Steganography is the concept of concealing text, images, files, or videos within other text, images, files or videos. An offline example of this is using “invisible ink” to conceal a message between the lines of a letter. Lemon juice is a popular candidate for invisible ink: lemon juice invisible ink

Here is a very basic formula for the steganographic process:

cover_medium + hidden_data + stego_key = stego_medium

In this context, the cover_medium is the file in which we will hide the hidden_data, which may also be encrypted using the stego_key. The resultant file is the stego_medium (which will, of course be the same type of file as the cover_medium).

Source: Steganography and Its Applications in Security

Steganography in images

On computers, images are stored as binary files. They contain a binary representation of the color or light intensity of each picture element (pixel) comprising the image. For example, this image of a dog:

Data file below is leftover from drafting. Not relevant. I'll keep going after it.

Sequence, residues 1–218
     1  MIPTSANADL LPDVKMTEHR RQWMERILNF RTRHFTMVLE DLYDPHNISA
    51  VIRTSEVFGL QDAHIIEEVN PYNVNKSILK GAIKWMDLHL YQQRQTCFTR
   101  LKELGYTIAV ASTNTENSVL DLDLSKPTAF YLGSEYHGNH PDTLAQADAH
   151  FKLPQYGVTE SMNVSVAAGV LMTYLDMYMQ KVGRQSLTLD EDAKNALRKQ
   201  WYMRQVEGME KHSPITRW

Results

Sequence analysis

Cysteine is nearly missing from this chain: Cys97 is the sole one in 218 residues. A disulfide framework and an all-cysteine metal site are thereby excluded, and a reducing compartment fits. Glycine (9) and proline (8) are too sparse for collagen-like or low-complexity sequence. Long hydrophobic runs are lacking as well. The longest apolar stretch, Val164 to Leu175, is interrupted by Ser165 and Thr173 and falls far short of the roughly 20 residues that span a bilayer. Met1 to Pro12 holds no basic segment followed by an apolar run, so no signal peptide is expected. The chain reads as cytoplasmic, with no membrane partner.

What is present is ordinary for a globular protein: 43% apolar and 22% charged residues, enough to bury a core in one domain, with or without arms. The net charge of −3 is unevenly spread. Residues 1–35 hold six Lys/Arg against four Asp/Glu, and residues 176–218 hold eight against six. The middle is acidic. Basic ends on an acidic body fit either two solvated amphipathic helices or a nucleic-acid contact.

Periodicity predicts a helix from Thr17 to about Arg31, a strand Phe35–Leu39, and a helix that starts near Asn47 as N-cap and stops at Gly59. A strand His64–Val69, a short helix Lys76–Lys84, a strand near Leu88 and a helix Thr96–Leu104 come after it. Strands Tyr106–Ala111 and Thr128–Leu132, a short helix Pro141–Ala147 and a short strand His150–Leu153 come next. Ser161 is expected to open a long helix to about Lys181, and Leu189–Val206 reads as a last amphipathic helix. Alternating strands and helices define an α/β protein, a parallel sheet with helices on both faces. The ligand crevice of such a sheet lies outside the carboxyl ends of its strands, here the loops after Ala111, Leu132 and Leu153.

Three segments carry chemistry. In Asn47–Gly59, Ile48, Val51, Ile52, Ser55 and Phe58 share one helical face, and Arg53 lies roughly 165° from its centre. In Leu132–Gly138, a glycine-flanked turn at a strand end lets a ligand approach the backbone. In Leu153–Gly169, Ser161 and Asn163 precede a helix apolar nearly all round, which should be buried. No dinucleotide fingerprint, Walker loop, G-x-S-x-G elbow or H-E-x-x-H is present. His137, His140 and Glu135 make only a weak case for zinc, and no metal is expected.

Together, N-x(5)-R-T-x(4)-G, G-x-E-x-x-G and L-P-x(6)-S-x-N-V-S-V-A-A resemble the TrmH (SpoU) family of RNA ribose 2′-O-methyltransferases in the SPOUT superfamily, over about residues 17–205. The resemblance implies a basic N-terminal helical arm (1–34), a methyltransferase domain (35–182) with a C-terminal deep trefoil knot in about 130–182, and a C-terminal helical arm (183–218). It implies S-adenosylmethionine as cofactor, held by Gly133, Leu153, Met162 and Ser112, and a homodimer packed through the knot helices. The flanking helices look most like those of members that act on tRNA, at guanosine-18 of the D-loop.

might start out with something like:

10010101   00001101   11001001
10010110   00001111   11001010
10011111   00010000   11001011
...

The simplest approach to hide data within the file is called least significant bit (LSB) insertion. With it, you can take the binary representation of the image and overwrite the LSB of each byte so that the change is minimal to the point where it can't be seen by the human eye.

While JPEG can be used for steganographic applications, it is more common to embed data in GIF or BMP files. GIF and 8-bit BMP files employ what is known as lossless compression, a scheme that allows the software to exactly reconstruct the original image. JPEG, on the other hand, uses lossy compression, which means that the expanded image is very nearly the same as the original but not an exact duplicate.